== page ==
By MICHAEL MROZIAK
Niagara Gazette — LEWISTON — An estimated 40 young women golfers from Western New York and worldwide will convene at Niagara Falls Country Club this week for the first-ever Women's Porter Cup.
Participants will arrive on Tuesday to register and take in a pracrice round. Assuming the weather cooperates, the first round of competition in the three-day, 54-hole tournament will begin Wednesday, with the champion crowned on Friday.
While the Porter Cup has enjoyed a long, successful run with the men's and seniors' tournaments, the man chairing the inaugural women's event admits this is still quite possibly an experiment.
"I think we're cautiously optimisitic about the future of the tournament," said tournament director Brian Oakley. "It's a trial balloon that we're just putting out there to see if we get the reaction. I'll have a much better feel after the tournament's over."
For a first-time tournament, organziers feel they've recruited a decent pool of competitors. Among the players are some talents from across the U.S. including Grace Na of Oakland, California, a two-time All-American at Pepperdine University, and Casie Cathrea, who has committed to Oklahoma State and, even before beginning her NCAA career, has qualified for the U.S. Women's Open.
"These are the up and coming stars," said Oakley. "Some of these girls are regional champions, high school champions... we've got a well-rounded field of people that are sophomores and seniors in the college ranks as well."
There are also several Western New Yorkers slated to compete including Ashleigh Frieday (Grand Island), Gaelin Carrig (Buffalo), Katharine Creighton (Buffalo), Rene Sobolewski (Buffalo), Chelsea Dantonio (Lancaster), Catherine Peters (Clarence Center) and Michelle Hanes (Elma). There are also a handful of competitors from just across the border, with Kendra Bishop of Niagara Falls, Ont. and Lauren Wardrope also committed to play.
How did Women's Porter Cup organizers track and convince these ladies to commit to a first-time venture?
"The first thing we did was we had a good database from the men's tournament," Oakley said. "We had the coaching contacts for all the women's colleges (teams), so that was the first blast we sent out, and that was pretty much 400 colleges across the United States.
"It's a different animal. Ladies' golf is not exactly the same as men's golf in the collegiate level. It was put to me by one college coach that he calls all his men's players in prior to the summer and says, 'What's your agenda?' 'What tournaments are you playing?'"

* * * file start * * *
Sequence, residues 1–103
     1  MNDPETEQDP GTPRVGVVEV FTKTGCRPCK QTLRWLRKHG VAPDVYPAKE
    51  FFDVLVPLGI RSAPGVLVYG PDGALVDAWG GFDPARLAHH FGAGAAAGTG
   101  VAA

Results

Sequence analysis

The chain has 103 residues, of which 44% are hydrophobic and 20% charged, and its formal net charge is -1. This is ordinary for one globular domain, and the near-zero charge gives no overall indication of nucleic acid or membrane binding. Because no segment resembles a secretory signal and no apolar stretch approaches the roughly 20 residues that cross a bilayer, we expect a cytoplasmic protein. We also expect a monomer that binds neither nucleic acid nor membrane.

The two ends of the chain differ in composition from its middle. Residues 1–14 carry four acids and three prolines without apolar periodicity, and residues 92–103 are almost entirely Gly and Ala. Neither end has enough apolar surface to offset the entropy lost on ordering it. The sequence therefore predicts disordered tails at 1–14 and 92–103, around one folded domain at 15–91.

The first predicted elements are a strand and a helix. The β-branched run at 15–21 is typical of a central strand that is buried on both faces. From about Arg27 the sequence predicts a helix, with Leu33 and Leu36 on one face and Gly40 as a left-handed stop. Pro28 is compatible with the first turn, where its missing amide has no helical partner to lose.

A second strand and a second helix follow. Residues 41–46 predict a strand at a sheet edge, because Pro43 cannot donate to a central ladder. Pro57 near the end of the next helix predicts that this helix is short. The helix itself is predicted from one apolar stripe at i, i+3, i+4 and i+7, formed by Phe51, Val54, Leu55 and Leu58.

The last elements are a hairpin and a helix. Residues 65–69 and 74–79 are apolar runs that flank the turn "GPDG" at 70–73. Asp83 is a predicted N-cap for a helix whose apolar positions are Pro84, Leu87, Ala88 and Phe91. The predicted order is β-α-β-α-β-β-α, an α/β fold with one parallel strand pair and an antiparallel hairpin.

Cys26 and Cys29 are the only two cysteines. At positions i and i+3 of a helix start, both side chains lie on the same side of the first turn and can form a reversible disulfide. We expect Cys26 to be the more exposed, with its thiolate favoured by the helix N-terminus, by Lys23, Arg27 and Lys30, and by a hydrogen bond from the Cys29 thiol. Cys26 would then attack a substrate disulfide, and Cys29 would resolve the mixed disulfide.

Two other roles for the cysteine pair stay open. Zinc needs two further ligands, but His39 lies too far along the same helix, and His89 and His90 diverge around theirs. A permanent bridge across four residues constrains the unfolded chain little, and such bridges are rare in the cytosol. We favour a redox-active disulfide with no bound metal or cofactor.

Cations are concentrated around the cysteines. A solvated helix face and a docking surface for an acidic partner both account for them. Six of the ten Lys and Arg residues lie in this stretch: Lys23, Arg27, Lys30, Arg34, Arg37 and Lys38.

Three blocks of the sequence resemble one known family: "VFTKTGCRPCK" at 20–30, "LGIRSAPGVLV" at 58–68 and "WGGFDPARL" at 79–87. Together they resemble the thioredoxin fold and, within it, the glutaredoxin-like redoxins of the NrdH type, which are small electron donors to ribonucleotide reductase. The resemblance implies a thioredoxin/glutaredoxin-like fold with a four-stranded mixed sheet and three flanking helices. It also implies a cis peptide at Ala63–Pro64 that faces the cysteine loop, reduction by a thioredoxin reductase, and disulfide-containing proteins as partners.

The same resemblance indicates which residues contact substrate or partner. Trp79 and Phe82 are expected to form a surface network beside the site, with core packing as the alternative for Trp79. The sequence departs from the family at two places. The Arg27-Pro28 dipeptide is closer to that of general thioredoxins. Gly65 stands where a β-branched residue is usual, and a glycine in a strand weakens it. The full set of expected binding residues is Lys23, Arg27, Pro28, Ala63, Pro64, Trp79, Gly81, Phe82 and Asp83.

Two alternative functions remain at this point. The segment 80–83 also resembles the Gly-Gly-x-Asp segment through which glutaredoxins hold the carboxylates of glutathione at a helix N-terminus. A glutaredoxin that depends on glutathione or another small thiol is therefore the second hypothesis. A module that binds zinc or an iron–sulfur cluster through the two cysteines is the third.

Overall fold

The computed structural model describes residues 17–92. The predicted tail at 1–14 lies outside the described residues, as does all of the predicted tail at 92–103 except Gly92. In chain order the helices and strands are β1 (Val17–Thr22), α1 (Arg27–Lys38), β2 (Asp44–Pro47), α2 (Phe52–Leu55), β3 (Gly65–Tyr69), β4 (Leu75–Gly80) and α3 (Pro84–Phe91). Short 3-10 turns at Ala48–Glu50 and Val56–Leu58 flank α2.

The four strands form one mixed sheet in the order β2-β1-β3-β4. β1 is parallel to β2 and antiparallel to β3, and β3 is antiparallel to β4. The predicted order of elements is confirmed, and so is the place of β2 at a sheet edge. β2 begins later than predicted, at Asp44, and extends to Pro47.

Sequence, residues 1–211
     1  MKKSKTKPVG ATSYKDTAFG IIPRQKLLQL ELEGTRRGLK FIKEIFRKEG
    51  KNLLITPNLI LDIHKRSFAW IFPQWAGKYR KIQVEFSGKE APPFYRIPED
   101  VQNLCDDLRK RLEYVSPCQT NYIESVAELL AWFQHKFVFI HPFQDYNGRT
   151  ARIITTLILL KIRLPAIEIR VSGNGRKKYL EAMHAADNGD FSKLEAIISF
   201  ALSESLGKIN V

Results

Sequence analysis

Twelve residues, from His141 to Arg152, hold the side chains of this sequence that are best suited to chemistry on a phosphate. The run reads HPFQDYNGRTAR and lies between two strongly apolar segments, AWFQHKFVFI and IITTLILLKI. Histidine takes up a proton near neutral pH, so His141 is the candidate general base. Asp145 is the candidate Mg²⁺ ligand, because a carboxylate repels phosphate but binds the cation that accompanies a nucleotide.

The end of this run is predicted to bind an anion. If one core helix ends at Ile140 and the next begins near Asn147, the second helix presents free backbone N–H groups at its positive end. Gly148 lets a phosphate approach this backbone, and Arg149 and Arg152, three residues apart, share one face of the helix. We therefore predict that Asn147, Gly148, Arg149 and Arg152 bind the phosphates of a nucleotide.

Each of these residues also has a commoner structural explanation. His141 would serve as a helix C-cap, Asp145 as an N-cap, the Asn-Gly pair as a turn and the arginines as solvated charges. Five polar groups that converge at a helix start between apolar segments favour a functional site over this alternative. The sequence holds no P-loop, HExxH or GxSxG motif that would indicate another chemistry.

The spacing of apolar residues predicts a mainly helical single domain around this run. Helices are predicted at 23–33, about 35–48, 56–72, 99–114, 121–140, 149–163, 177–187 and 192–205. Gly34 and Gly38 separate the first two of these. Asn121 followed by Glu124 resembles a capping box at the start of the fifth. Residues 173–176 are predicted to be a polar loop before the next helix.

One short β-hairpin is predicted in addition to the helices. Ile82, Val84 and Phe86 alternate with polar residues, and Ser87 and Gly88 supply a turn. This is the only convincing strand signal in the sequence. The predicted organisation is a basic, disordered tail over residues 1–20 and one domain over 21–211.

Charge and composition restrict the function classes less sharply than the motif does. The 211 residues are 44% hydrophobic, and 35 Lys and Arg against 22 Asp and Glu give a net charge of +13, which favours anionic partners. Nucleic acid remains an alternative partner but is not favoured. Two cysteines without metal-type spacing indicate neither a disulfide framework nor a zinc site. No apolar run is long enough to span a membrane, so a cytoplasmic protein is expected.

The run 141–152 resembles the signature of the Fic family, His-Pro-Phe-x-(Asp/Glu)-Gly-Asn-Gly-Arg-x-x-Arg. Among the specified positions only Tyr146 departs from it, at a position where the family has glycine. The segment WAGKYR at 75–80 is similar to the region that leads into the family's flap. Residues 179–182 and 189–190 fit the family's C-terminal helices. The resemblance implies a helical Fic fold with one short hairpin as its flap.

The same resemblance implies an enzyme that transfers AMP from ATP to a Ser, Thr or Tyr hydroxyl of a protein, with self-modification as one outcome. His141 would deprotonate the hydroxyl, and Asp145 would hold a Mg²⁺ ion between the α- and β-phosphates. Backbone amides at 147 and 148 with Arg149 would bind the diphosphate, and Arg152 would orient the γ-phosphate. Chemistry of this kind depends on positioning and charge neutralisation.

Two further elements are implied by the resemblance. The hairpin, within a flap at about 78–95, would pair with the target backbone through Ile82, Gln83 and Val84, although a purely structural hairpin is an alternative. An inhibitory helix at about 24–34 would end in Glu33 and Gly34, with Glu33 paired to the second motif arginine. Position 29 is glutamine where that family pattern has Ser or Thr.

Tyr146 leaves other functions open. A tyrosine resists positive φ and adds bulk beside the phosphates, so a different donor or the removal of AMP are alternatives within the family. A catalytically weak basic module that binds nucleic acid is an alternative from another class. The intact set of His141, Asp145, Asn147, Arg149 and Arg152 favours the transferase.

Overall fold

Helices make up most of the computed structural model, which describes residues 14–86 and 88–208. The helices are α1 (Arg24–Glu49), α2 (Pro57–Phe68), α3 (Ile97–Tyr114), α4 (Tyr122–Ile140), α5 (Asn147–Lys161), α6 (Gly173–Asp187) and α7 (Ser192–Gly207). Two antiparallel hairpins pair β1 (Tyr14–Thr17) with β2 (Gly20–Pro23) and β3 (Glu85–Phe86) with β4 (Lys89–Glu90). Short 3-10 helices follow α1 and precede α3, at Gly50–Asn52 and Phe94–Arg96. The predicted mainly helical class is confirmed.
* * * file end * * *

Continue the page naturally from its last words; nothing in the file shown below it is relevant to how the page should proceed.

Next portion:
Oakley added that based on conversations with coaches, women collegiate golfers don't necessarily set such summer plans, in great part because many of them don't know of many options, and thus they focus on what's available in other seasons.
"I think the women's side needs a little more of a calculated approach, a little more investigation and due diligence on our part go know how to get to these young ladies," he said.
The men's Porter Cup, which will be held late next month, can market itself as a tournament where then-rising stars such as Tiger Woods, Phil Mickelson and Adam Scott passed through on their way to the PGA Tour.
It's hard to say whether the inaugural Women's Porter Cup will be one of the stepping stones for a future Annika Sorenstam, Paula Creamer or Karrie Webb. Only time will tell if this tournament will become a must for women golfers serious about developing toward a pro career.
Oakley is, however, encouraged by the feedback from the ladies who could not participate, citing reasons ranging from scheduling conflicts with other tournaments, other personal needs, or simply not knowing about the tournament until it was too late.
"There's a couple of girls playing in the British Amateur Open that couldn't make it but said 'you know what, given another opportunity I'd like to be considered,'" he said.
Learning how to recruit women amateur players to this event proved educational for planners. Oakley says they'll take this experience and use it when preparing to recruit in the future.
"I've already started a list for next year, whether that's premature or not."For more information on the Women's Porter Cup, visit the link at www.portercup.com.